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On 12/27/13 11:46 AM, dpb wrote:

Farmers can't apply NH3 here in the fall until November 1 due to the nitrate levels in the groundwater. There isn't much time before the first snow or the ground freezes some winters of course. Some of the tractors look like they have aircraft landing lights compared to my dad's old 50s era tractors. The coops have been applying dry fertilizer so they're busy too. It looks odd watching them running in the snow some years. I haven't noticed if the feedlots are spreading manure yet. One of the feedlot owners said he hasn't purchased any commercial fertilizer for several years now. Rumor has it eating brown snow isn't a good idea. The liquid runoff goes into catch pits. Farmers usually run that through center pivots. One advantage is the owners have their own little ski slopes after digging the pits and don't need a tow like this: http://preview.tinyurl.com/k2qhsda One of the things that really has changed is the size of the farm grain storage. Some of the bins and grain legs I see look bigger than the coops had when I was a kid. Straight trucks are being replaced by semis or pull trailers themselves. A farmer sometimes will mention what he spent for whatever. The amount of money you guys spend nowadays still amazes me. Farmers are like royalty now. One has to be born one or marry one to be one. We're supposedly out of the drought here in south central/east Nebraska. The fall didn't seem that wet and we have almost no snow. The local Natural Resources District is requiring all irrigation wells to have flow meters installed two years from now. We're close to the groundwater allocation level. They plan to allow 45 acre inches over a five year period if allocation is triggered. Normal annual precipitation is about 26".
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On 12/29/2013 2:57 PM, Dean Hoffman > wrote:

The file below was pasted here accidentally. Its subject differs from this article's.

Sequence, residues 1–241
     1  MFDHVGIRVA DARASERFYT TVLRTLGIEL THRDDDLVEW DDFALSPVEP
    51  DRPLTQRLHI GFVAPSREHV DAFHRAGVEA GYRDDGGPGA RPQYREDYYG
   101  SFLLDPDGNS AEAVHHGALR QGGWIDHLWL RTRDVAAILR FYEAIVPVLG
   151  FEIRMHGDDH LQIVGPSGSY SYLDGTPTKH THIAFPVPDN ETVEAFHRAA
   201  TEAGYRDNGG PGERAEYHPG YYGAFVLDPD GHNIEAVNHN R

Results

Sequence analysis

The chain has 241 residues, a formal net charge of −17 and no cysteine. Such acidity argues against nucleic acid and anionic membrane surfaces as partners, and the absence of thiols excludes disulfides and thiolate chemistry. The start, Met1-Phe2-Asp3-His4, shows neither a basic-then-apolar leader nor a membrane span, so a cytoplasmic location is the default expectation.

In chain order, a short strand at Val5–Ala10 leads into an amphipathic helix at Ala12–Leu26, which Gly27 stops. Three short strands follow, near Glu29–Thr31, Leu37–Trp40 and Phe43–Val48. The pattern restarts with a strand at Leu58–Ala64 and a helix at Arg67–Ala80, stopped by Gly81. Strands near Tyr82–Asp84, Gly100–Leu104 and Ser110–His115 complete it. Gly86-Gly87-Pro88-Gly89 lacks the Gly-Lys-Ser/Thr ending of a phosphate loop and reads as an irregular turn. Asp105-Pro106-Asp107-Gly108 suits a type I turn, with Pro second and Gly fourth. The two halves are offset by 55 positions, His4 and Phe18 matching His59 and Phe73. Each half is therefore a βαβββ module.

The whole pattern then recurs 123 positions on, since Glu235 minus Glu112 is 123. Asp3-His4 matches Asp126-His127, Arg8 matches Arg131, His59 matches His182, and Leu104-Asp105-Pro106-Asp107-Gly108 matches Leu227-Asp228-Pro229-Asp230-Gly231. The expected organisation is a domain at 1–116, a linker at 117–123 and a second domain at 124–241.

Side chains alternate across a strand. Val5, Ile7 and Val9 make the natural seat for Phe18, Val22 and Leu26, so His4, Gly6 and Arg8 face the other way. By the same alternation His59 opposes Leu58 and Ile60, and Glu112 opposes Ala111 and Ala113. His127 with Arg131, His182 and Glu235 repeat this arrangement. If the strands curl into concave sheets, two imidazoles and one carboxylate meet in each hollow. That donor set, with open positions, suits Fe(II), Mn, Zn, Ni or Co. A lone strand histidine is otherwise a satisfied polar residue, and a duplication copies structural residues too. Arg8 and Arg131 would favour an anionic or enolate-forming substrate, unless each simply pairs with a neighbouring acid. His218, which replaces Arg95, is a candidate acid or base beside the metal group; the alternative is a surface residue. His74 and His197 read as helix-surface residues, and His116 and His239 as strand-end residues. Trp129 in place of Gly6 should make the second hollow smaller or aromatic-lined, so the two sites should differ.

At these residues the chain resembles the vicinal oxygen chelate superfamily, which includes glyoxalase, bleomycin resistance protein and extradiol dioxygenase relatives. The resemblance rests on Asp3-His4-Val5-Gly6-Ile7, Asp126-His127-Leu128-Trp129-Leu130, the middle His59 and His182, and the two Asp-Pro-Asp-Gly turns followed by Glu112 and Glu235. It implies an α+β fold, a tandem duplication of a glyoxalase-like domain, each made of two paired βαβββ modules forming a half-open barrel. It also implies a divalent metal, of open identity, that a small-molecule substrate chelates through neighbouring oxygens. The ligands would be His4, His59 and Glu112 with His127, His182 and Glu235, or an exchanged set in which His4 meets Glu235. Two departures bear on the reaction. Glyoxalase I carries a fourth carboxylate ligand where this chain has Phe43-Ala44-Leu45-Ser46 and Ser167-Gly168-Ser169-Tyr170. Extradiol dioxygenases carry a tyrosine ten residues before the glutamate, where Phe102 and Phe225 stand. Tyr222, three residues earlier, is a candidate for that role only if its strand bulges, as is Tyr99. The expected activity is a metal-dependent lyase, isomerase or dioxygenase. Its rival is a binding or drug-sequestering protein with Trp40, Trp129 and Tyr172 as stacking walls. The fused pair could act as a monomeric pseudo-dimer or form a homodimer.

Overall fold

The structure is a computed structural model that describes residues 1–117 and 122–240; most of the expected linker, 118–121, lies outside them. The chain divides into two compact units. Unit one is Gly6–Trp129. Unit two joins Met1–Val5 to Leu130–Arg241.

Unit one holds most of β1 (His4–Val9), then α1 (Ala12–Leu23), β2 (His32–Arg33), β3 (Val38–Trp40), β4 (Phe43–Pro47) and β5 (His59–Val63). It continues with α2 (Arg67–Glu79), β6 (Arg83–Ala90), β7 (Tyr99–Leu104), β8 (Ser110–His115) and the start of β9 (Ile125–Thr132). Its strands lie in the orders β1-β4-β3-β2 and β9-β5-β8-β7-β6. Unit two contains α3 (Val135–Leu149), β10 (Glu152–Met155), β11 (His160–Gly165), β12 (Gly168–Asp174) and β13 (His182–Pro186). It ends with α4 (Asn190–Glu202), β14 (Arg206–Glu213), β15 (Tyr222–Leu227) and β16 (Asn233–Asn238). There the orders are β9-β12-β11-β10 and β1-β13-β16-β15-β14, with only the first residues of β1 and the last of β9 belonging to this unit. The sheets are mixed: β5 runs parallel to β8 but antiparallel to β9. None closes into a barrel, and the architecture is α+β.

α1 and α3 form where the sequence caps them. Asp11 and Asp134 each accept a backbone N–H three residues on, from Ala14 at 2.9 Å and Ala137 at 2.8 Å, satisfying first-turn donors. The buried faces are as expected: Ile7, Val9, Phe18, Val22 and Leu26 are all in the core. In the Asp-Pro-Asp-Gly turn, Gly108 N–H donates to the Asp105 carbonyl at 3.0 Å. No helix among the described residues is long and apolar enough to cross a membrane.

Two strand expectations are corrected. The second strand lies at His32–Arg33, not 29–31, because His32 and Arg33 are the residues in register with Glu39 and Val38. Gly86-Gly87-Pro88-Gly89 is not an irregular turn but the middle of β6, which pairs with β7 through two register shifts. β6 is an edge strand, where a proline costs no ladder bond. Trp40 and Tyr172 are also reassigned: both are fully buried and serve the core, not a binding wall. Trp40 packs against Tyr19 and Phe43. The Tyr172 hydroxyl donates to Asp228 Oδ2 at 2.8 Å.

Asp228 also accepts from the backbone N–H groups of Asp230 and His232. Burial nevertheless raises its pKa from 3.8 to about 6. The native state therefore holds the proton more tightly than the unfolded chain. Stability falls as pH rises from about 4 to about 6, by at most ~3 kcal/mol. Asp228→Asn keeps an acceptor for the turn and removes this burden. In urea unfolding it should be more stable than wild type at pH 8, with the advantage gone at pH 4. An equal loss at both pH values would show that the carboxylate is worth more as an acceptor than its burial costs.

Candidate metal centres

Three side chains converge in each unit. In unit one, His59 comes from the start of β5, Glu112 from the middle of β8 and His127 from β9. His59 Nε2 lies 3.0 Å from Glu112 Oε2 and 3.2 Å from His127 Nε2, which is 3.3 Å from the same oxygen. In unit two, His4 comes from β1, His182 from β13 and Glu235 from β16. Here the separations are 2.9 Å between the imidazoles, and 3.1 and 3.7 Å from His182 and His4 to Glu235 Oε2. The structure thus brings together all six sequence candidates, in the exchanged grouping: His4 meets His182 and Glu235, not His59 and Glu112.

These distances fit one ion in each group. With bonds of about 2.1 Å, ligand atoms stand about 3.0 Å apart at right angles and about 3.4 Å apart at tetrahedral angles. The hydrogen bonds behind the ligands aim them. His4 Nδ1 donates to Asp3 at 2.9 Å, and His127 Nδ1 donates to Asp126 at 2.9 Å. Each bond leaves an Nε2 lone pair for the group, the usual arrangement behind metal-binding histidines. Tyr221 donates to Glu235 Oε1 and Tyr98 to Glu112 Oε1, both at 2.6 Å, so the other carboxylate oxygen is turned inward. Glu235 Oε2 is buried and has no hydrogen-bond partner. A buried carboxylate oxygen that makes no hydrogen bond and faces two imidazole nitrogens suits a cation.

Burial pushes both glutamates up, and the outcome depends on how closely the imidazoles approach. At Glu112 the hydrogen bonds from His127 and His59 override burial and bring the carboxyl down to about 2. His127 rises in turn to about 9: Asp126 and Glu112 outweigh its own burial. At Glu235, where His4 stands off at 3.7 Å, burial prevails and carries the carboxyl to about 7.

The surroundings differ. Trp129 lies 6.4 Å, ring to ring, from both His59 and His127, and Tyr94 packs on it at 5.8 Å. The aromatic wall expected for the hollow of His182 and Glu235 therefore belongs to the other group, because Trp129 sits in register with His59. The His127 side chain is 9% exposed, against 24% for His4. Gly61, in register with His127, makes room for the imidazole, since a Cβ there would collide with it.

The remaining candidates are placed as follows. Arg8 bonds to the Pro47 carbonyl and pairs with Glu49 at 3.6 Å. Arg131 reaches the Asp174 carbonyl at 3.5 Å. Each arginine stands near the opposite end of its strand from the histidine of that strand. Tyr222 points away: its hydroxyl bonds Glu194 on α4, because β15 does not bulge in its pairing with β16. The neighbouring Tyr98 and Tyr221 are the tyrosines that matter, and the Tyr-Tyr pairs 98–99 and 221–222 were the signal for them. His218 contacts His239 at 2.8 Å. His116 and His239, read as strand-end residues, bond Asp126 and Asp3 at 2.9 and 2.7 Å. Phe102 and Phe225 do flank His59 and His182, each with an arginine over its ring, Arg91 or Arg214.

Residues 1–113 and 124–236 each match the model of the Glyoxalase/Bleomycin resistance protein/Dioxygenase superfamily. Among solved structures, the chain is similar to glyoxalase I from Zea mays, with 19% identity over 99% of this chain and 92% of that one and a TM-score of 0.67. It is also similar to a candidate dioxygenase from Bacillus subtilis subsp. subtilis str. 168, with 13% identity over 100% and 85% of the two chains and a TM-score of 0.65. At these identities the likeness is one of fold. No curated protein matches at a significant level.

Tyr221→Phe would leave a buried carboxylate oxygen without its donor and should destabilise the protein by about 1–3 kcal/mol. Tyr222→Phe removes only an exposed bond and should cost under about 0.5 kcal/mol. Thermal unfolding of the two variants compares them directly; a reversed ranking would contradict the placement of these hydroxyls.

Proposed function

Feedlots haul year-round here, but fertilizer application is completed in August/early September for winter wheat planting starting mid-September or so and most apply for corn either just ahead of or with the planting. Anhydrous use here has really fallen out of favor compared to years ago; it doesn't hang around as well as other forms in these sandy soils and at the higher input costs, any loss is significant.
Costs for everything have indeed skyrocketed but the size factor makes up for a lot...when I was a kid we planted with a four row lister at 3-3.5 mph whereas now it's a 24 row (or even larger, one of the big operators here just debut'ed a 56 row planter this spring; they could cover a circle in <3 hr) at 5-6 mph--that's >10x the productivity.
We've had such on water for >10 yrs; annual here is about 18". Last year, however, here at the house we were stretching to break the 10" mark and only slightly better than that the year before.
The exceptional drought area has shrunken and while we're better off this year than the previous two, it's still between the extreme and exceptional here in the SW KS corner, SE CO, OK/TX panhandles and on south and north. We just can't seem to get anything to set up far enough south and west again -- it's a period much like the '30s and early '50s. Did get a 5" snow that actually came w/o wind last weekend (a truly rare event here, the snow with no wind part, that is) that helped a little but just 20 mi east was as much as 10" and some areas had 15". Then again, another 50 mi west and north and they were missed entirely so much be thankful for what did get...
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On 12/24/2013 11:27 AM, KenK wrote:

Your instincts are correct.
The herbicides and pesticides that crop dusters spray can be highly toxic.
Some of this stuff can cause cancer 10 years after exposure.
Yet as a practical matter, there is nothing you can do.
The chemical companies will claim all their products are totally safe.
The crop duster service will tell you they obey all regulations and apply the material as prescribed.
The farmer will just blow you off with some lame comment like "Do you want cheap food or not?"
Personally, I'd move.